What Plantar Fasciitis Feels Like And How It’s Treated

man massaging foot with plantar fasciitis

From simply supporting our weight on a daily basis to the brutal demands of sports and high-intensity exercise, our feet have a sometimes thankless job. But when our feet start aching and hurting, we stand up and take notice. One of the most common types of foot pain and injury is plantar fasciitis — about 1 in 10 people will suffer from it at some point in their lives.

Let’s walk through the symptoms of plantar fasciitis and give you some insight into how it’s treated.


In simple terms, plantar fasciitis is an inflammation or swelling of the plantar fascia, which is a thick band of tissues connecting your heel bone to your toes.

The plantar fascia supports the arch of your foot and absorbs the force of shock from your every footfall. The weight and force of your body is first applied to your feet through the heel (at the connective tissue of the plantar fascia). Pain from plantar fasciitis occurs when the weight of your body causes the thick bands of your plantar fascia to become stretched or inflamed.


There are a lot of factors that can contribute to the inflammation of the plantar fascia, but it boils down to unusual stress on the bands. The weight and force of your body is first applied to your feet through the heel (at the connective tissue of the plantar fascia). Pain occurs when your weight is improperly spread across the plantar fascia bands from your heel to your toes.

Here are a few potential causes of plantar fasciitis:

  • If your foot rolls inward or outward, your plantar fascia can become stretched and abnormally pull the bands, causing pain.
  • If you have poor arch support in your shoes, have poor cushioning in your shoes, or walk barefoot too much, you could potentially injure your plantar fascia.
  • If you increase your activity in a sport with repetitive food pounding (think tennis and basketball) too quickly, don’t train properly for exercise, or receive a sports injury, you can damage your plantar fascia.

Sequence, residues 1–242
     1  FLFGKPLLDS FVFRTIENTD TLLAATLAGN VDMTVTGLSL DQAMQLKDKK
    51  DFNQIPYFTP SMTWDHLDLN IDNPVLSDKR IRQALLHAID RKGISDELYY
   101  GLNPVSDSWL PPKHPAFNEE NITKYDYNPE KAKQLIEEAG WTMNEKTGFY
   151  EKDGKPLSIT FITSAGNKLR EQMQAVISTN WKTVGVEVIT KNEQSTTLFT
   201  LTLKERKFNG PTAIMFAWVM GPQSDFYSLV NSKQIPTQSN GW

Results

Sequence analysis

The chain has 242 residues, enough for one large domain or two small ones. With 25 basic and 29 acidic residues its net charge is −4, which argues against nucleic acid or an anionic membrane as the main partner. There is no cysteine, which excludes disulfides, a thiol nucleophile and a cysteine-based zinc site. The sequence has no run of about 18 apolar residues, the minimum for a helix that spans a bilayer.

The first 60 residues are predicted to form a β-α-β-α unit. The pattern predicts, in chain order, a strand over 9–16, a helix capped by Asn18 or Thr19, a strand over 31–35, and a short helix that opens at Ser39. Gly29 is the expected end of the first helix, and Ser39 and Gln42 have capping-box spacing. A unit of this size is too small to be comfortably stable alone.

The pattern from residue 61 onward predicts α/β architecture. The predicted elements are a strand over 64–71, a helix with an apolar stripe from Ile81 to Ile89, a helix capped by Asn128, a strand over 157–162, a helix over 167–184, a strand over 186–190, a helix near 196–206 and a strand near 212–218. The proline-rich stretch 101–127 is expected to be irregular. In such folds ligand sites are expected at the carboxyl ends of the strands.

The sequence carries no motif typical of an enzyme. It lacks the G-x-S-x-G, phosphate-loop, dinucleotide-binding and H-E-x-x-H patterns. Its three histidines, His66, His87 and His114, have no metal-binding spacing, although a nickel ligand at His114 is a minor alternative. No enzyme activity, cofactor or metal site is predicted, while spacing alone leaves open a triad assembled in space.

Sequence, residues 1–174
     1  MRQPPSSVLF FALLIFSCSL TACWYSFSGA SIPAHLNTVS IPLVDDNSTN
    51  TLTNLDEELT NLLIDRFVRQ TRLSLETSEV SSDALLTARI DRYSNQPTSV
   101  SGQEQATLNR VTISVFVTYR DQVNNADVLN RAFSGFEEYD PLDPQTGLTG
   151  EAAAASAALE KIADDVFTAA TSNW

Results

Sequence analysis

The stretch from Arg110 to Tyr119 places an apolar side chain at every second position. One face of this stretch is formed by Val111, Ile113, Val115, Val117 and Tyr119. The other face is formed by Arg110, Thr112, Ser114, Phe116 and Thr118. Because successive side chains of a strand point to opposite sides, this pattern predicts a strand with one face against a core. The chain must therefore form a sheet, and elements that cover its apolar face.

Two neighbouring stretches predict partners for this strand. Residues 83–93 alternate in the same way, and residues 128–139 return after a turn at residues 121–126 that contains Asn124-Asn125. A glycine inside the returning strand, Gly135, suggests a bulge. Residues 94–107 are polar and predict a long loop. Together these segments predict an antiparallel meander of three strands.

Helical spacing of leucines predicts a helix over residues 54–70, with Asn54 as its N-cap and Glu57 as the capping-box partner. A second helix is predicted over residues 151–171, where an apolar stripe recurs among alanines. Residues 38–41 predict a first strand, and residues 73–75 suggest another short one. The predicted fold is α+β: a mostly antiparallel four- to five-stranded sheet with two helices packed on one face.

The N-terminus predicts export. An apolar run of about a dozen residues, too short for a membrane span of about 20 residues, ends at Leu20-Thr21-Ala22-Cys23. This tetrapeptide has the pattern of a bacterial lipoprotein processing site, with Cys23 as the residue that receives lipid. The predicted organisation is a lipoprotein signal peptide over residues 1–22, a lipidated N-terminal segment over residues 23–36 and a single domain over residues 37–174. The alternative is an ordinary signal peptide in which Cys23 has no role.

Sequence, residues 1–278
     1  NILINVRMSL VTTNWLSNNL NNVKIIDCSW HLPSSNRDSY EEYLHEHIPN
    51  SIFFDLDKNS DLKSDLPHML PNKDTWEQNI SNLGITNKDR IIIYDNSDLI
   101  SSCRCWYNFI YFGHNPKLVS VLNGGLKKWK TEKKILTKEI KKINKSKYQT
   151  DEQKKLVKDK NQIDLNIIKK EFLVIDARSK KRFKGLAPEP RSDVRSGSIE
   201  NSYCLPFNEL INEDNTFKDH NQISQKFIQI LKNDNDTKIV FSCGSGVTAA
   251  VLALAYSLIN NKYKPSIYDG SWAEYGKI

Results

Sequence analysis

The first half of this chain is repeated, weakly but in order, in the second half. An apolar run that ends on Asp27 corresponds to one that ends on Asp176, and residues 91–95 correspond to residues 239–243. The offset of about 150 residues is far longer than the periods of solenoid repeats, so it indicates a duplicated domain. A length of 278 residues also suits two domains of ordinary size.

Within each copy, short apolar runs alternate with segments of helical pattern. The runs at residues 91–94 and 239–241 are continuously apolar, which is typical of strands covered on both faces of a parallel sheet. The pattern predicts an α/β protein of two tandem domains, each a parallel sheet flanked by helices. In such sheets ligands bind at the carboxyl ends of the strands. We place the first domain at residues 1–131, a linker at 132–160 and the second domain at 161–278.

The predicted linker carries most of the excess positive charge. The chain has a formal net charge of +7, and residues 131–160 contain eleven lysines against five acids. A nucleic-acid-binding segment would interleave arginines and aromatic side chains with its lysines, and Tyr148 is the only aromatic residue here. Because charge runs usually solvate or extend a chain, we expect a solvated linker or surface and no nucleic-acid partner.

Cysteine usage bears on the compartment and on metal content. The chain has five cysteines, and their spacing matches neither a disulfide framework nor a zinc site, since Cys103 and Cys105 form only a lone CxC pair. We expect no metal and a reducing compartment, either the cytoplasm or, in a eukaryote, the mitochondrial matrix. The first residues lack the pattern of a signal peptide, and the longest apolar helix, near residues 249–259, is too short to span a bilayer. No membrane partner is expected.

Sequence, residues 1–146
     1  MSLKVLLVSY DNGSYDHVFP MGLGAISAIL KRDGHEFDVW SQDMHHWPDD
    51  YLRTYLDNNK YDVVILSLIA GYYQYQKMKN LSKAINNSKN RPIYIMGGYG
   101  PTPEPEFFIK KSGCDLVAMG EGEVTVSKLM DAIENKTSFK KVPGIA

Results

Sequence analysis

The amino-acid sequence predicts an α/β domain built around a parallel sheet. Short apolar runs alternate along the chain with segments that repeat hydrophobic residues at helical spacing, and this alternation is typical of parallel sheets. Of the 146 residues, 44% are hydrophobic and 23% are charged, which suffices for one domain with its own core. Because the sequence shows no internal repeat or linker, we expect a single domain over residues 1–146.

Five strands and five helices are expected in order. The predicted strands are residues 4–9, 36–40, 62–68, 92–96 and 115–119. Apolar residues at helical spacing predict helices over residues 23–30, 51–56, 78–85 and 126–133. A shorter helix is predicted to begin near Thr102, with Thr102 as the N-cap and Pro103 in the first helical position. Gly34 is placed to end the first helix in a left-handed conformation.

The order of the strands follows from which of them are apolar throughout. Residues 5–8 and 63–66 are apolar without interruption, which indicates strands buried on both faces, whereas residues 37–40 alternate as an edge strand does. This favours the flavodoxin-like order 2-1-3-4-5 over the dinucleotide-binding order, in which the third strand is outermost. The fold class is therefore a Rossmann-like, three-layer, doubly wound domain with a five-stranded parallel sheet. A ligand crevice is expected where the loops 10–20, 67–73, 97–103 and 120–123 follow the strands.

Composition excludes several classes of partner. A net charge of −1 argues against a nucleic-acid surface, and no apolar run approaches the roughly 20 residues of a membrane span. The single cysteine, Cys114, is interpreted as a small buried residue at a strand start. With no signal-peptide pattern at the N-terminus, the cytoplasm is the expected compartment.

Ultimately, it’s not always possible to pinpoint one specific thing that might cause plantar fasciitis, but it’s worth knowing what can put you at additional risk for an injury.


Pain from plantar fasciitis is generally felt first on the bottom of the foot in the heel. It will feel as though there’s a deep pain in the front of the heel (sometimes dull and sometimes sharp), though the entire bottom of the foot may be affected.

Oftentimes you’ll feel this pain first thing in the morning — or after a long rest — and it will dissipate as the day goes on. The pain can return if you spend a large part of your day on your feet.

Your physician will often diagnose plantar fasciitis based on a physical examination and an explanation of your symptoms. Imaging will likely not be required in most cases.


Naturally, the treatment depends on the individual and the level or type of inflammation.

Because plantar fasciitis is an inflammation, a physician may suggest over-the-counter medication such as ibuprofen or naproxen to relieve the pain.

Your physician may also suggest some therapies as well, including orthotics for arch support, night splints to help stretch your calf and arch while you sleep, and physical therapy to stretch your plantar fascia and strengthen your leg muscles.

If your pain persists for several months and the more conservative treatments aren’t helping, your physician may suggest injections, shock wave therapy, ultrasonic tissue repair, or even surgery.


If you’re experiencing a sharp, stabbing pain in the heel of your foot, don’t wait to get it looked into.
Our doctors at Aboite Podiatry are trained to identify and treat conditions such as plantar fasciitis and other foot-related issues. Make an appointment to meet with one of our skilled podiatrists today by calling 260-436-3579.